Gasoline should have been taxed to $10/gallon in 1980, just like every other oil-importing nation has done. But we continued in denial, and now still import half our petroleum and waste it shamefully (dragging around 2 tons of steel to move 150 pounds of person is shamefully wasteful). China and India are getting ready to do the same thing, and they have 7 times our population. Until we get past the idea that we can be freely mobile, warm, cool, and have whatever we want to eat and drink, whenever, we might as well forget about fixing climate change. Hopefully we can adapt well enough to save most people.


(Report Comment)
Ellis Smith October 28, 2013 | 8:28 a.m.

@ Mark Foecking:

Some of us are betting that water (not taken from the oceans) will do us in before we succumb to global warming.

In China today only half the water available to cities is considered fit for human consumption, while more than half the groundwater in the North China plain can no longer be used for industrial purposes (due to pollution), and while seven tenths of that groundwater is unfit for human consumption or even "human contact," such as washing clothes, bathing, etc.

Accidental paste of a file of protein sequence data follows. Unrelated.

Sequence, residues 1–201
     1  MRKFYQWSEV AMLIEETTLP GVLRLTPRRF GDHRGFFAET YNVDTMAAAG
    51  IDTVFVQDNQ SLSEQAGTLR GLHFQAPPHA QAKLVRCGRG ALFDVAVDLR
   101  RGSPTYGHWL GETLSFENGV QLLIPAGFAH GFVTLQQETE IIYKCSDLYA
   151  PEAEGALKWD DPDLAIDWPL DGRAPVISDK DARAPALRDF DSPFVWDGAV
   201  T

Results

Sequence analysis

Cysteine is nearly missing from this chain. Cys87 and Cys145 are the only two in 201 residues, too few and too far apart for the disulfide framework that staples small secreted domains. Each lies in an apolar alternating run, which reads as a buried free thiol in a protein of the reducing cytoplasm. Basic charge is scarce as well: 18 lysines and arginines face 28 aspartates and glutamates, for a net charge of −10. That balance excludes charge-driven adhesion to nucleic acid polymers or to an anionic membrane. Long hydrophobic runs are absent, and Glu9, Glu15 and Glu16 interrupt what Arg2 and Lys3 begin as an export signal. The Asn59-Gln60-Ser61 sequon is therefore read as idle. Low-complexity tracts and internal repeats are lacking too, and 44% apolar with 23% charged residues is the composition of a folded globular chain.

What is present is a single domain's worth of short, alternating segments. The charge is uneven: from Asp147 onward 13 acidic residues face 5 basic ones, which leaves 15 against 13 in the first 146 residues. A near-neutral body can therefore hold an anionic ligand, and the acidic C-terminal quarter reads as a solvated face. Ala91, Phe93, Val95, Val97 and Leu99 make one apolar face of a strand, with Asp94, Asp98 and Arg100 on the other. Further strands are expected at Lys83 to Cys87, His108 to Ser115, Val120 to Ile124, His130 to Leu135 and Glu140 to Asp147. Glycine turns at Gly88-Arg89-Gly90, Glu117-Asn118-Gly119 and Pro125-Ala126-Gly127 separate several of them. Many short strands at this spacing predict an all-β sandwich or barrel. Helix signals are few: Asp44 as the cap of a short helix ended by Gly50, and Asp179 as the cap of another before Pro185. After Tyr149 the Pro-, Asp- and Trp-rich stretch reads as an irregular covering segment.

Yet China has planned to build about 450 new coal fired power plants, burning 1.2 billion metric tons of coal a year. These stations, as with existing ones, will have water cooling.

These stations alone will consume 9 billion metric tons of water.

According to some estimates, China doesn't have that much water to spare.

Part of the industrial water use problem is that China presently recycles only 40% of the water used in similar situations in Europe. For each cubic meter of water used, China gets $8 worth of output; for each cubic meter of water used, European countries receive $58 worth of output.

[Data source: "The Economist," October 12th, 2013]

Availability of clean (or at least "cleanable") fresh water is not confined to China. Several highly populated countries (India and Pakistan, for example) are also in trouble, and we are experiencing groundwater depletion and contamination here in the United States.